5. The method of claim 1 wherein the temperature array has locations for five temperatures and five corresponding frequency error readings.
6. The method of claim 1 wherein the predetermined distance used in the weighted sum is two units.
7. A temperature compensated pilot searcher, comprising:
a temperature sensor for measuring the temperature of a mobile phone;
means for periodically measuring the frequency of a mobile phone local oscillator;
a temperature compensation table for storing the measured local oscillator frequencies corresponding to the measured mobile phone temperature;
a temperature array of lesser size than the temperature compensation table for storing the measured local oscillator frequencies corresponding to the measured mobile phone temperature;
wherein a most recent measured frequency overwrites a first location corresponding to the same temperature if said first location exists or wherein the most recent measured frequency and a most recent measured temperature overwrite corresponding oldest locations of frequency and temperature if said first location does not exist;
means for calculating an estimated frequency at an arbitrary temperature based upon the previously saved values in the temperature compensation table and the temperature array;
wherein the estimated frequency is equal to a frequency value in the temperature array at the arbitrary temperature if that location exists or wherein the estimated frequency is equal to a weighted sum of a frequency value in the temperature compensation table at the arbitrary temperature plus the frequencies in the temperature array at temperatures within a predetermined distance from the arbitrary temperature;
a plurality of pilot searcher stages;
means for activating one of the plurality of pilot searcher stages based upon the estimated frequency.
8. A method of choosing a pilot searcher stage within a wireless communication device comprising:
measuring a current temperature;
estimating a local oscillator frequency at the measured temperature, the estimating involving:
(a) defining a temperature compensation table having locations for storage of a frequency entry for each of a plurality of temperature settings;
(b) defining a temperature array, containing less elements than the temperature compensation array, having a plurality of locations for the storage of frequency readings corresponding to temperature settings;
(c) measuring periodically a frequency of a local oscillator and a device temperature;
(d) writing the value of the measured frequency into the temperature compensation table;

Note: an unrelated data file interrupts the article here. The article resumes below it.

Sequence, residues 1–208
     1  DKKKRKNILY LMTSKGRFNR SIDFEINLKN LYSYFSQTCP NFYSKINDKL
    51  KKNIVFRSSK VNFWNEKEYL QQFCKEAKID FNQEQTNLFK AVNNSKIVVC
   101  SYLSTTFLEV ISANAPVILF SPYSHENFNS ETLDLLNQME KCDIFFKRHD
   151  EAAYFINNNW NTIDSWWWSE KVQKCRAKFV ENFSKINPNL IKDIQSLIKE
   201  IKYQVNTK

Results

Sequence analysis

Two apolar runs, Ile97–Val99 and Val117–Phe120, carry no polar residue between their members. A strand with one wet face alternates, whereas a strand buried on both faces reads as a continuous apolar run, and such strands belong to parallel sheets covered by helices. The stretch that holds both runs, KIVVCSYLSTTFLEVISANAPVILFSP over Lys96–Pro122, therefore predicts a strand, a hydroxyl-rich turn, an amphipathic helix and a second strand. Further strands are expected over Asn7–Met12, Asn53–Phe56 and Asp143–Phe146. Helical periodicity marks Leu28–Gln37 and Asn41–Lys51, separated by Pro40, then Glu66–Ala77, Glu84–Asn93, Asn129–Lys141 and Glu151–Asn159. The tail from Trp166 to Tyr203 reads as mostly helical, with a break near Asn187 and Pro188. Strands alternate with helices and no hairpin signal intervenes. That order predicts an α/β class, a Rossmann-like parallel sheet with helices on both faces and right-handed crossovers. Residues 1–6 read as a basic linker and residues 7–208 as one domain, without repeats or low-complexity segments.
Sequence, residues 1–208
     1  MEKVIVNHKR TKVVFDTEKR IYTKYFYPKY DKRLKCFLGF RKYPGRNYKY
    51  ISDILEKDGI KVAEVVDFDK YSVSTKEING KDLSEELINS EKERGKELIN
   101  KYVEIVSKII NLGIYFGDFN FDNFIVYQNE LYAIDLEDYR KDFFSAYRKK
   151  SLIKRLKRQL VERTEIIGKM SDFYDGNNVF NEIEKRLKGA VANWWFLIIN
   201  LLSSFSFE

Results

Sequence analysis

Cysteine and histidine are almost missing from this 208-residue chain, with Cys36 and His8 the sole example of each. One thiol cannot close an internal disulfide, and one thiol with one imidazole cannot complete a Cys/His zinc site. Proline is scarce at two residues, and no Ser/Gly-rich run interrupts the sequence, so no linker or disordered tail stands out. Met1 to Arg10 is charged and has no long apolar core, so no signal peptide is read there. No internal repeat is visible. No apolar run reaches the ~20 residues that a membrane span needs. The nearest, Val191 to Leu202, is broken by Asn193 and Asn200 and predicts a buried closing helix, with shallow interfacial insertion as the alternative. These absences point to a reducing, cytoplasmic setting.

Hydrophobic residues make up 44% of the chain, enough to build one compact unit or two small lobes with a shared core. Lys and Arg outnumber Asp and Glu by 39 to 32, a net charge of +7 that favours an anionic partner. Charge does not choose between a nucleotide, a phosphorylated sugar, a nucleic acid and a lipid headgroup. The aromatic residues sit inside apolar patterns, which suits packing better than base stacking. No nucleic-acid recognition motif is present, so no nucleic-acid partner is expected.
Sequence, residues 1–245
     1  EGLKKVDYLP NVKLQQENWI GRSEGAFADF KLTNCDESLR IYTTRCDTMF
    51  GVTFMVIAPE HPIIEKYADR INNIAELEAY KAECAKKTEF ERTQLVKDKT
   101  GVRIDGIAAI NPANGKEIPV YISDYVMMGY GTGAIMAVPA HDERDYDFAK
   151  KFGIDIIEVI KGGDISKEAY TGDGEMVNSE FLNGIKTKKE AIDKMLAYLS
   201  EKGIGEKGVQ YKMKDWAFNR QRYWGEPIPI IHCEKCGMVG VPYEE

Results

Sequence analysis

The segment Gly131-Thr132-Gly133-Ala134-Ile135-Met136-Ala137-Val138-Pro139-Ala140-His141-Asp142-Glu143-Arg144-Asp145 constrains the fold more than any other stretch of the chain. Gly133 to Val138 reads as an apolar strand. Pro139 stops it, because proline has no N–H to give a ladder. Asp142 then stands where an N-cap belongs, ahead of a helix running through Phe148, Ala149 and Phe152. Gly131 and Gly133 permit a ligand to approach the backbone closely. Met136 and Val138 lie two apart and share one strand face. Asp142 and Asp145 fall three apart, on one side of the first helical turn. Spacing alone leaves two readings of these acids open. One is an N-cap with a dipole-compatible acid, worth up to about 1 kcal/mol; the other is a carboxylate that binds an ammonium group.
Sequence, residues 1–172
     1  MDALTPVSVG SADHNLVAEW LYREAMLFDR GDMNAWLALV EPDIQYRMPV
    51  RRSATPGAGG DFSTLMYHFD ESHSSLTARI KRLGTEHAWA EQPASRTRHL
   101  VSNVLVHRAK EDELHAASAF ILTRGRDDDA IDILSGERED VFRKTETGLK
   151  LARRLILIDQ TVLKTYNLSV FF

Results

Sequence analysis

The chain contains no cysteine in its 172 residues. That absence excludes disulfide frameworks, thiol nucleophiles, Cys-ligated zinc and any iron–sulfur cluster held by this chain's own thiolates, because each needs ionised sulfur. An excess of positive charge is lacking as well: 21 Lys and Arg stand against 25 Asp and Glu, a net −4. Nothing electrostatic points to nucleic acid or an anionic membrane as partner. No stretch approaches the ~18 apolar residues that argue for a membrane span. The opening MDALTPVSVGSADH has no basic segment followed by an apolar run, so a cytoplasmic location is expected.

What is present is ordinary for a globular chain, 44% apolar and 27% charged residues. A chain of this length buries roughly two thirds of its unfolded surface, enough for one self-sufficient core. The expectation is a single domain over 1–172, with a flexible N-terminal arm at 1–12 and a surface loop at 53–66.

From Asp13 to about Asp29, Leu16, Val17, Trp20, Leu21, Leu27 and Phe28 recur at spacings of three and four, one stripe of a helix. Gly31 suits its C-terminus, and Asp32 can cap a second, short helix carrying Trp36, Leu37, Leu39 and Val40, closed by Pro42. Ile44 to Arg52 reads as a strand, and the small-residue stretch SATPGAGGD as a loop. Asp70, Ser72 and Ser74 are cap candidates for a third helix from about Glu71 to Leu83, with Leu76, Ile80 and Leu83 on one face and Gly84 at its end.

(e) writing the value of the measured frequency into a least current location in the temperature array or into a location within the temperature array corresponding to the same temperature when the location exists;
(f) estimating the local oscillator frequency at a particular temperature to be a frequency saved in the temperature array at the particular temperature when that temperature exists in the temperature array; and
(g) when the temperature does not exist, estimating the local oscillator frequency at the particular temperature to be a weighted sum of the frequency stored in the temperature compensation table at the particular temperature and the frequencies in the temperature array at temperatures within a predetermined distance from the particular temperature;
calculating a frequency error based upon the estimated local oscillator frequency and a predetermined receive frequency; and
choosing one of a plurality of pilot searcher stages based upon the value of the calculated frequency error.
Description
BACKGROUND OF THE INVENTION

1. Field of the Invention

This invention relates generally to the field of mobile telephones, and more specifically pertains to pilot signal acquisition.

2. Description of Related Art

A Code Division Multiple Access (CDMA) digital communication system uses a special class of binary sequences with good correlation properties to identify and distinguish between the multiple mobile telephone units and base stations (BS). Pseudo noise (PN) binary sequences are used to synchronize the mobile unit to the base station signal. The pilot signal from each base station is uniquely identified by a different PN code offset.